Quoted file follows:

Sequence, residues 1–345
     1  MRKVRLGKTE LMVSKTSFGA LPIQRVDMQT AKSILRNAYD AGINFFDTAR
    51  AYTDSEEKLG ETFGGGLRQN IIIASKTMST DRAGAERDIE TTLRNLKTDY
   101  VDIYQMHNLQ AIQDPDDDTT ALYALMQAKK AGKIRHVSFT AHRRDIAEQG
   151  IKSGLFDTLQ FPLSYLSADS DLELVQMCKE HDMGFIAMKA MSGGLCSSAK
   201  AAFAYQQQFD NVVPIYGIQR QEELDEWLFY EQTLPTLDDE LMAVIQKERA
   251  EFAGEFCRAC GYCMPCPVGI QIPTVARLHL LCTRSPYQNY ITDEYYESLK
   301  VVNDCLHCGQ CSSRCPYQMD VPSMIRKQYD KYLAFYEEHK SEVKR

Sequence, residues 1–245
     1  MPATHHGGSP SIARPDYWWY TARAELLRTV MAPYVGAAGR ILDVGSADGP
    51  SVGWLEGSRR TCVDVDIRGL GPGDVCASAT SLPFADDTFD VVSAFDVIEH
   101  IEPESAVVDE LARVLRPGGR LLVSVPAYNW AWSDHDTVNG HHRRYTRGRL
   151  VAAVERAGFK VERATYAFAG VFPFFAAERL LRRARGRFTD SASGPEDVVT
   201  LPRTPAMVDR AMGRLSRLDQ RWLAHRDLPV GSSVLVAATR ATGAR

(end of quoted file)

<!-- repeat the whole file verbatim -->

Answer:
Sequence, residues 1–345
     1  MRKVRLGKTE LMVSKTSFGA LPIQRVDMQT AKSILRNAYD AGINFFDTAR
    51  AYTDSEEKLG ETFGGGLRQN IIIASKTMST DRAGAERDIE TTLRNLKTDY
   101  VDIYQMHNLQ AIQDPDDDTT ALYALMQAKK AGKIRHVSFT AHRRDIAEQG
   151  IKSGLFDTLQ FPLSYLSADS DLELVQMCKE HDMGFIAMKA MSGGLCSSAK
   201  AAFAYQQQFD NVVPIYGIQR QEELDEWLFY EQTLPTLDDE LMAVIQKERA
   251  EFAGEFCRAC GYCMPCPVGI QIPTVARLHL LCTRSPYQNY ITDEYYESLK
   301  VVNDCLHCGQ CSSRCPYQMD VPSMIRKQYD KYLAFYEEHK SEVKR

Sequence, residues 1–245
     1  MPATHHGGSP SIARPDYWWY TARAELLRTV MAPYVGAAGR ILDVGSADGP
    51  SVGWLEGSRR TCVDVDIRGL GPGDVCASAT SLPFADDTFD VVSAFDVIEH
   101  IEPESAVVDE LARVLRPGGR LLVSVPAYNW AWSDHDTVNG HHRRYTRGRL
   151  VAAVERAGFK VERATYAFAG VFPFFAAERL LRRARGRFTD SASGPEDVVT
   201  LPRTPAMVDR AMGRLSRLDQ RWLAHRDLPV GSSVLVAATR ATGAR